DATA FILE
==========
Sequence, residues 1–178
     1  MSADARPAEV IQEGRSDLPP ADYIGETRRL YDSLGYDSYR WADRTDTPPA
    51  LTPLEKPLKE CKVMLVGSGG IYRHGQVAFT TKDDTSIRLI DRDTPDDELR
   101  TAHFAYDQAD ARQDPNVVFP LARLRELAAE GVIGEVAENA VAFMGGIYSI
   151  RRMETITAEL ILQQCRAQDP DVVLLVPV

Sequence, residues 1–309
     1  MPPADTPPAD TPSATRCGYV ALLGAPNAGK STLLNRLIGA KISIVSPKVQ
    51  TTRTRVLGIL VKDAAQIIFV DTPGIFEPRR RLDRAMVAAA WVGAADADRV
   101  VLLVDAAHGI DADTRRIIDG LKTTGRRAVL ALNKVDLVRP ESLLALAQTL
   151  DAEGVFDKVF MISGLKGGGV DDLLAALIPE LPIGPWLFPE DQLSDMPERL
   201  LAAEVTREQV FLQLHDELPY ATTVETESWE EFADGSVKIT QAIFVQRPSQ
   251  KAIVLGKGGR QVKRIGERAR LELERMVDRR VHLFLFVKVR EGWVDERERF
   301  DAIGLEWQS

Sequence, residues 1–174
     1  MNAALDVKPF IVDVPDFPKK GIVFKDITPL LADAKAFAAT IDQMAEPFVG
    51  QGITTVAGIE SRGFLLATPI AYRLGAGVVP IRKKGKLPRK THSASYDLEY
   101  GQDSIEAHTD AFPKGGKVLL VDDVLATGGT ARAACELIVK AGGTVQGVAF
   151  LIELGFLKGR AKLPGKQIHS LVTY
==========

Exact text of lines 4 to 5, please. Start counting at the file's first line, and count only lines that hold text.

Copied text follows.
   101  TAHFAYDQAD ARQDPNVVFP LARLRELAAE GVIGEVAENA VAFMGGIYSI
   151  RRMETITAEL ILQQCRAQDP DVVLLVPV